Britons flying home to Spain caught in post-Brexit red tape

British travelers returning to their homes in Spain wait to speak to airline staff after they were refused entry onto planes, at London's Heathrow airport on Saturday Jan. 2, 2021. Dozens of British residents in Spain were refused travel because airlines refused to take in as proof of residency documents used until the United Kingdom's departure from the European Union at midnight on Dec. 31, 2020. (AP Photo/Max Duncan)
British travelers returning to their homes in Spain wait to speak to airline staff after they were refused entry onto planes, at London's Heathrow airport on Saturday Jan. 2, 2021. Dozens of British residents in Spain were refused travel because airlines refused to take in as proof of residency documents used until the United Kingdom's departure from the European Union at midnight on Dec. 31, 2020. (AP Photo/Max Duncan) (Copyright 2021 The Associated Press. All rights reserved)

MADRID – Blame COVID-19 travel restrictions or Brexit but whatever the cause, some British citizens trying to return to their homes in several European countries this weekend have been barred from boarding flights.

Airlines refused documents that before Brexit had been valid proof of the Britons' status as residents in Spain, Italy and Germany, although Spanish authorities claimed that the issue had been resolved by mid-Sunday.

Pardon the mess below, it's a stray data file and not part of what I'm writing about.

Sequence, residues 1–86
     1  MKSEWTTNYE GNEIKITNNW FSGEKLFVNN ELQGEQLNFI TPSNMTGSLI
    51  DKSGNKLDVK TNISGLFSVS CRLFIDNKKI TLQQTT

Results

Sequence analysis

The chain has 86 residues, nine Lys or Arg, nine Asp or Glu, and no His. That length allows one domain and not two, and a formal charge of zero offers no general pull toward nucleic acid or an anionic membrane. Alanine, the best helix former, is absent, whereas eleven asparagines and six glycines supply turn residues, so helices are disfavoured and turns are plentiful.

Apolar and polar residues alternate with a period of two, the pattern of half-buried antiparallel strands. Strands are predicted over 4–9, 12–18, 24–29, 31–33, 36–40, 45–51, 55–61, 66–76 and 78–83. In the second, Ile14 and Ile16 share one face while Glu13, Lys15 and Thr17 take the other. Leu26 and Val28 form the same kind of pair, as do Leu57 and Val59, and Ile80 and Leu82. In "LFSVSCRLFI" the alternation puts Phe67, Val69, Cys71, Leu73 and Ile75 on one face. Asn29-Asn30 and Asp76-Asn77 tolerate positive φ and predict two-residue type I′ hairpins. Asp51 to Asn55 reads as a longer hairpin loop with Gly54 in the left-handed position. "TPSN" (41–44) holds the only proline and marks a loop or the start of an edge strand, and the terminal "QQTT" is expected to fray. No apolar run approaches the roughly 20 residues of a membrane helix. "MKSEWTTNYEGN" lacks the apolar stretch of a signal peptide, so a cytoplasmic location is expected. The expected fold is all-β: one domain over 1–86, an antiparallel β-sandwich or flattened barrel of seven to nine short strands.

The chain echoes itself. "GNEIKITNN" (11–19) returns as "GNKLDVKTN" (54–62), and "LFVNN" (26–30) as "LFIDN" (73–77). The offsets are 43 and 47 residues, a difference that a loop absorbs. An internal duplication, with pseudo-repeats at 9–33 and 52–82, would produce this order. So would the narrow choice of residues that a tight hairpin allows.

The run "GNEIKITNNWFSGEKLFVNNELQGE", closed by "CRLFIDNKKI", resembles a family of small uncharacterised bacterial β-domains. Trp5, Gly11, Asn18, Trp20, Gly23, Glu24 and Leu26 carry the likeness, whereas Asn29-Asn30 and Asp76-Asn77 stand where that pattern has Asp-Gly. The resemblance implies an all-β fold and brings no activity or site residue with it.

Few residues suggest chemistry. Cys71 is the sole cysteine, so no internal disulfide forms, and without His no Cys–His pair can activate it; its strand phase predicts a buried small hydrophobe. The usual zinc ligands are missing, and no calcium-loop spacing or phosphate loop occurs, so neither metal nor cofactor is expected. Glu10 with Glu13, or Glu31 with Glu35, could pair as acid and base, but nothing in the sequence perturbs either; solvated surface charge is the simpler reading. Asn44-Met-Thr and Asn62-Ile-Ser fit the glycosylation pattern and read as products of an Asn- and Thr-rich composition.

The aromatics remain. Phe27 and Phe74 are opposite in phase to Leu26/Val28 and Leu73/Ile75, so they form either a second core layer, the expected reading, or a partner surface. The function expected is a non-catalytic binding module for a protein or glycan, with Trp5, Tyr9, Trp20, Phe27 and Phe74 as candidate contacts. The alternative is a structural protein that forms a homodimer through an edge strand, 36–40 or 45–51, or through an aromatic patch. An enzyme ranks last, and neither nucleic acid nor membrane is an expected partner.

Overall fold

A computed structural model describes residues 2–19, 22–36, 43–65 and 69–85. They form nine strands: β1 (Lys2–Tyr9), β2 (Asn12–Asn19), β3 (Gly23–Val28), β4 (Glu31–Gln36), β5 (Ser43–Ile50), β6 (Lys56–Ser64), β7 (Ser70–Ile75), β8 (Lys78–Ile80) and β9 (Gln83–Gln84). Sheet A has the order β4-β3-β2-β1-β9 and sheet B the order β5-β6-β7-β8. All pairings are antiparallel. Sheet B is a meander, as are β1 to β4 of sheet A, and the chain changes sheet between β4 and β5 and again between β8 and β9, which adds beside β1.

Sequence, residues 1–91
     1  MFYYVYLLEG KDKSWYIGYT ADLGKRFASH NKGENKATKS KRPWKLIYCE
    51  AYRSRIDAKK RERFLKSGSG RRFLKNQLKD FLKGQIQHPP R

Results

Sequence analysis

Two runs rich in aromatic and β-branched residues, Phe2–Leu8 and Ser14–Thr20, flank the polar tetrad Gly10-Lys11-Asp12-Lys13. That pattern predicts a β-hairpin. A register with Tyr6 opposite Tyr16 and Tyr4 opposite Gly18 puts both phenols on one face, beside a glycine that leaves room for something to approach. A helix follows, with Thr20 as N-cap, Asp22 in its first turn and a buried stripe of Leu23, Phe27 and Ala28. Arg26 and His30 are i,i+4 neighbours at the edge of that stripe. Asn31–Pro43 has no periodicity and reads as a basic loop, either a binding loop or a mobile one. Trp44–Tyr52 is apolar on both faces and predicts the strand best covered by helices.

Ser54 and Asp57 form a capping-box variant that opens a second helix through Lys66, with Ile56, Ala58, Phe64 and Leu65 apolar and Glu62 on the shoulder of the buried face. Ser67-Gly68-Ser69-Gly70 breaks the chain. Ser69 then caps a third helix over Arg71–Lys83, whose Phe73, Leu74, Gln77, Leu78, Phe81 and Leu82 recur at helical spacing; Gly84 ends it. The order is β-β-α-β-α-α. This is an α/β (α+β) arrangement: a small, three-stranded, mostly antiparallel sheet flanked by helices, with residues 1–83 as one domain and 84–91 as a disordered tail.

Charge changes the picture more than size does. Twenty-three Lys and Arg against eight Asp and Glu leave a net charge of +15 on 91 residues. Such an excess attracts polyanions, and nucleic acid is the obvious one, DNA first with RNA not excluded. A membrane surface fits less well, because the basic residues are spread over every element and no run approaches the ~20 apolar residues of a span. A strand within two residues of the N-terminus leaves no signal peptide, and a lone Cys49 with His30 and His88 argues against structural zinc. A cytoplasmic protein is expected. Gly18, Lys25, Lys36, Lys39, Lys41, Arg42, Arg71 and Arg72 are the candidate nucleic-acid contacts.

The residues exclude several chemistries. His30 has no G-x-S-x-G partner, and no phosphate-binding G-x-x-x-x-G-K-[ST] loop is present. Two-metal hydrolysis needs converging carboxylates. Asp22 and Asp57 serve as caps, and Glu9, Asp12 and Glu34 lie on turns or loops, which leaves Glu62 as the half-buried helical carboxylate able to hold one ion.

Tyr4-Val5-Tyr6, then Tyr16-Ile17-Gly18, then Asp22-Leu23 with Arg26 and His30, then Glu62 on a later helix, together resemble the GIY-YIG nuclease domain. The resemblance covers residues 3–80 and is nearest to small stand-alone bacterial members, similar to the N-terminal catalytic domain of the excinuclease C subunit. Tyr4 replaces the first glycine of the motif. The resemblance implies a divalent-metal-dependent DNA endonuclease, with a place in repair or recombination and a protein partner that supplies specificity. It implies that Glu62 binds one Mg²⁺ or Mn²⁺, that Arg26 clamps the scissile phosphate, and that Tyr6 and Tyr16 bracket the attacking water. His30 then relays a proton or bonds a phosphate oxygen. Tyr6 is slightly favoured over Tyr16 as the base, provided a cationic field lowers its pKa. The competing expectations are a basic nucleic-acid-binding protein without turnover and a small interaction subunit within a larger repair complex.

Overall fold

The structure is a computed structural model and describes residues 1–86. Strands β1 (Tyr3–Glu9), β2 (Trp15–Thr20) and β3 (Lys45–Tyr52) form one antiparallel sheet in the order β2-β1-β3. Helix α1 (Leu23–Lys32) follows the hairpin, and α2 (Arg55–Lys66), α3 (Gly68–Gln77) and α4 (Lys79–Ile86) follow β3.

Their ordeal came amid heightened travel restrictions due to a coronavirus variant that has been blamed for faster contagion in the U.K. and highlights the bureaucratic complexities resulting from Britain's departure from the 27-nation European Union.

Both Spanish and British authorities said Sunday that the green-colored certificate of EU citizenship with a foreign national identification number issued by Spain is still valid for British citizens residing in Spain under the bilateral provisions that followed the U.K.’s withdrawal from the bloc on Dec. 31.

But the travelers say British Airways and Iberia, which are part of the IAG group, have been refusing to let them board for the past two days.

Iberia said in a statement late Sunday that a communication from Spain's border police on Jan. 1 had created “some confusion” and that it was later clarified. British Airways didn’t immediately respond to requests for comment.

Around 300,000 British citizens are registered as permanent residents in Spain, although before Brexit, many more had been living full or part-time in the country without officially registering.

Patricia Moody, a 69-year-old retiree who has called the southern Spanish town of Zurgena home for nearly four years, was among a group of at least nine people unable to board a Madrid-bound BA/Iberia flight from London’s Heathrow Airport on Saturday.